Her writing experience includes former interview coordinator and review editor for Christian Fandom, founding contributor of Speculative Faith, and founding member of the Christian Sci-Fi and Fantasy Blog Tour. She has also served as area coordinator, southeast zone director, and local chapter founder and president for American Christian Fiction Writers. She's an active member of ACFW, RWA, and My Book Therapy.
At the 2012 ACFW conference, to her shock and delight, she was awarded a first-time author contract from Barbour Publishing for her historical romance novella Defending Truth. It released September 2013 as part of A Pioneer Christmas Collection.
A Midwestern farm girl transplanted more than 20 years ago to Charleston, South Carolina, she loves losing herself in local history, especially the colonial era. When not homeschooling, sewing, researching, or leaking story from her fingertips, she finds joy in worship, women’s ministry, and encouraging whoever God brings across her path.
You are amazing Shannon, accomplishing all you do, between writing, homeschooling, and making that lovely colonial dress. I so enjoyed getting to know you at Conference and look forward to reading your Pioneer Christmas story.ReplyDelete
Ah, thank you so much for your kind words, Janet! And thank you, Carrie and all you lovely ladies, for having me. :-) You're all such a blessing!ReplyDelete
Hi, Shannon. I love Charleston, too. Wishing you all the best with your book and your writing.ReplyDelete
Thank you so much, Susan! See you in a month, at Camden? :-DDelete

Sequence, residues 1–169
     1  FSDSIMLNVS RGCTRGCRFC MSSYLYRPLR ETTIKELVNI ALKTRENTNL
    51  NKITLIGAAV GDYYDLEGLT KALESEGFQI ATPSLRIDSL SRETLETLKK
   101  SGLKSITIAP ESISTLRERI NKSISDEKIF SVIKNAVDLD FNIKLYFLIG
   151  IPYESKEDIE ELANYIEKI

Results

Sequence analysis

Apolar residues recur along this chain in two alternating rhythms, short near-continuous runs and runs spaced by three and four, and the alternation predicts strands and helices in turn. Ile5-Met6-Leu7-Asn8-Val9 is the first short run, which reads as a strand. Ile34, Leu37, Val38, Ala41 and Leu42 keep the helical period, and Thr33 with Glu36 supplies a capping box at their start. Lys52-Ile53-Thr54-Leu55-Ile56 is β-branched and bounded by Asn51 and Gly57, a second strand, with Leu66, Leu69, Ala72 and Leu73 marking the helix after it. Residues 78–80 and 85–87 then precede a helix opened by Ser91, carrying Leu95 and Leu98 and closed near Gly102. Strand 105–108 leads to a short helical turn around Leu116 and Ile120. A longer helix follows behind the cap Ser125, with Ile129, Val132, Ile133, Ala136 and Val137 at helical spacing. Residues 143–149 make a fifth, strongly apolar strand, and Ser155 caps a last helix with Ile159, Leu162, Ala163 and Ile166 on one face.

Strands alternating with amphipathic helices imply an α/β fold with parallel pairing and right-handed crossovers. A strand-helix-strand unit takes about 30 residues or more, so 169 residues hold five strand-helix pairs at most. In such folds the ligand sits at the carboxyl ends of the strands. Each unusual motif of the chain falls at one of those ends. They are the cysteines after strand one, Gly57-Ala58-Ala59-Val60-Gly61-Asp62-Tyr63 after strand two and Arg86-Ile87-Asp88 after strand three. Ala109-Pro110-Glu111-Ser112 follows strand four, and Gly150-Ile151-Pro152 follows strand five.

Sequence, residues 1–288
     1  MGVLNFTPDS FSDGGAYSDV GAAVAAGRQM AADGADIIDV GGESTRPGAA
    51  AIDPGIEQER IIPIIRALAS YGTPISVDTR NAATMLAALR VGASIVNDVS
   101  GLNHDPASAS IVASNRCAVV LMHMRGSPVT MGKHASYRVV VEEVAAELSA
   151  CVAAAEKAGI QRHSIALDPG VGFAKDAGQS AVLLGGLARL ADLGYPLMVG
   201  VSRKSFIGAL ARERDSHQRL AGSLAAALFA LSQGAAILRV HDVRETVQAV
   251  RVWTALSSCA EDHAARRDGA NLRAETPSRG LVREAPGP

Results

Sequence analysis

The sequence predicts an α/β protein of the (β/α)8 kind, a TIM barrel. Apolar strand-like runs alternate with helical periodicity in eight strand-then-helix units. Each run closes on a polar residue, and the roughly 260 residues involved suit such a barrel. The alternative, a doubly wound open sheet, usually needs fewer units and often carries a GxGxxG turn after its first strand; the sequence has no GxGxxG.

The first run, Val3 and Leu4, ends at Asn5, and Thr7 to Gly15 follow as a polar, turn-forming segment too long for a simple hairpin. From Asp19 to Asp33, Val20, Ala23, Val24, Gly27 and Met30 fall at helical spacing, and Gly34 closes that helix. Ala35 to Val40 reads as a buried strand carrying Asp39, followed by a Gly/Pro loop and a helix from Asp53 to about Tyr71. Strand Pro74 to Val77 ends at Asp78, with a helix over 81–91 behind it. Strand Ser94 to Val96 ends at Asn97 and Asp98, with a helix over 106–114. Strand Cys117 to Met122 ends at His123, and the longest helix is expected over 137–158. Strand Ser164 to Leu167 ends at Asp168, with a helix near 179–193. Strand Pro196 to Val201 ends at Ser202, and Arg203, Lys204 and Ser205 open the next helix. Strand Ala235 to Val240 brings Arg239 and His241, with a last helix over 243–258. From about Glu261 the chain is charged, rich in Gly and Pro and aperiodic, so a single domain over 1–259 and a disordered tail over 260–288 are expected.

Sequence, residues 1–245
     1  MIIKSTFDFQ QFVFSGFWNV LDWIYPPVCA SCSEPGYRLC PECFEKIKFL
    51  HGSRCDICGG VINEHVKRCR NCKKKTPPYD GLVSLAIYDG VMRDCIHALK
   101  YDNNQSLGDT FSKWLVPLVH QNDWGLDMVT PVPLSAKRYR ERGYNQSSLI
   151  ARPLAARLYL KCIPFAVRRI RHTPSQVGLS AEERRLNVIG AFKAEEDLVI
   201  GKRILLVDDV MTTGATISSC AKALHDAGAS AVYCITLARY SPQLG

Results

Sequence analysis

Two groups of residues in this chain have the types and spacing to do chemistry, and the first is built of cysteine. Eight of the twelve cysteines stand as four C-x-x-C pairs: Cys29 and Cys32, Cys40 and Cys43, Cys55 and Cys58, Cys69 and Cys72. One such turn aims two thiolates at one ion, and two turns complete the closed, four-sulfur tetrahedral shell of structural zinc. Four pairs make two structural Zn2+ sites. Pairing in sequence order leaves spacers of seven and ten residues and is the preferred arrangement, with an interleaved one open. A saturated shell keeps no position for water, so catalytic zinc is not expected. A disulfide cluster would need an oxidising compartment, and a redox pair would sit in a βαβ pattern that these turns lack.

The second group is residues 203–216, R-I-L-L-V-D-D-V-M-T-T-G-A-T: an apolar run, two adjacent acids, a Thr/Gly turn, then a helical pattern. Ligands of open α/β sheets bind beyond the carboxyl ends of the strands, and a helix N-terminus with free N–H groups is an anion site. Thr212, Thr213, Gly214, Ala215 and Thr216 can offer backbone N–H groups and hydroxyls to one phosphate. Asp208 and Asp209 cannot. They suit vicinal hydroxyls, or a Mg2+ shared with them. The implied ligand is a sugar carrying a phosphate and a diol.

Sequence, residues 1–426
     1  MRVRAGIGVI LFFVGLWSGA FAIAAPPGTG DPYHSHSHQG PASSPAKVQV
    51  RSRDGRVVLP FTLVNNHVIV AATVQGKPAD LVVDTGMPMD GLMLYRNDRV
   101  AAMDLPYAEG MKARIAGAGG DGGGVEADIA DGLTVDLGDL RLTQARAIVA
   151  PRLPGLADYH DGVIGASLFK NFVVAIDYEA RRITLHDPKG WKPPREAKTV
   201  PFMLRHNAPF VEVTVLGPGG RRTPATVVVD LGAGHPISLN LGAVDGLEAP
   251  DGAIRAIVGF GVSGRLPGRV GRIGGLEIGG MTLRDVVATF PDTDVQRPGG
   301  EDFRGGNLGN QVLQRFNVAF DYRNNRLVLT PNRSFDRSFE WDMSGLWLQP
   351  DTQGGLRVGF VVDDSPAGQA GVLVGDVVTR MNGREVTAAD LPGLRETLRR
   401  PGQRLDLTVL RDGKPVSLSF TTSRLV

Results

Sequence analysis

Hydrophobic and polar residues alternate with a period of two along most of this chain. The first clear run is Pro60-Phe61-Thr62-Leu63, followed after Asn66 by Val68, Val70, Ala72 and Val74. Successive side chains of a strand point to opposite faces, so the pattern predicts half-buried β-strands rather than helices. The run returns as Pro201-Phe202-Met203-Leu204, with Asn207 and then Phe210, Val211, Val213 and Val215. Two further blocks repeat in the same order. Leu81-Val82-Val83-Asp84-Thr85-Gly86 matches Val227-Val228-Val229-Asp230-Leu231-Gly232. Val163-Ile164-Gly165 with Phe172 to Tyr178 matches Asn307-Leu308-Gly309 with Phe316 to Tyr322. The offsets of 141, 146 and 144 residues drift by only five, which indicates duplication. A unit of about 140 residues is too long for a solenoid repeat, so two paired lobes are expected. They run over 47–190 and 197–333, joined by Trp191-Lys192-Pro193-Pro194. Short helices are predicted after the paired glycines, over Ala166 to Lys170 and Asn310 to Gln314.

Now didn't I say she was awesome ! I too cannot wait to read your story and look forward to more by you. Again you are an encouragement to me as a Homeschooling Mom who writes...ReplyDelete
Faithful Acres Books
Oh goodness, Linda! Thank you so much ... I'm so glad I can be an encouragement! It's tough to carve out writing time, but you know, I'm learning to lean more on the Lord to sustain me in those dual callings of mommying and writing ... bless you as you walk this road, too!Delete
Wonderful and fascinating interview, Shannon. It's been such fun getting to know more and more about you. And I'll be trying out those johnnycakes for sure!ReplyDelete
Thank YOU, Anna! It's been wonderful getting to know you as well, my fellow debut author. Blessings!!! <3Delete
Awesome! Thanks for sharing!ReplyDelete
You're so welcome!!Delete
I am drooling over the JohnnyCakes. Oh how I love them! Oh how they are not good for me when I'm trying to drop a few pounds... ahem...ReplyDelete
I loved meeting you, Shannon, in Indianapolis and look forward to the next time. How I'd love to tour Charleston with you. As history lovers (okay geeks) it's a charge to hear your love of the colonial period and Charleston. I wish you much success with this new story and know there are many more to come!
Oh, I understand! I'm diabetic and trying to do mostly grain-free (at least wheat-free), and they're a huge temptation. :-DDelete
I loved meeting you, too!! I'd love the touring, too ... sigh, any chance you could come in the next several weeks?? We're probably moving about Thanksgiving time ....
Anyway, thank you so much! You (and everyone else) have so blessed me with your encouragement and enthusiasm!
I need to add Colonial Dorchester to my visit list with my kids. It sounds great - quiet family place. Thanks for sharing!ReplyDelete
You're welcome, Susan! We absolutely love it. Mepkin Abbey (formerly Mepkin Plantation, home of Henry Laurens, first president of the Continental Congress) is also a beautiful, restful place to visit. :-)Delete
Thanks for the recipe, Shannon. Enjoyed your interview! Love the storyline of your novella, & would love to read it!ReplyDelete
Thanks so much! The story was a lot of fun to write. I hope you enjoy it when you are able to read it! :-)Delete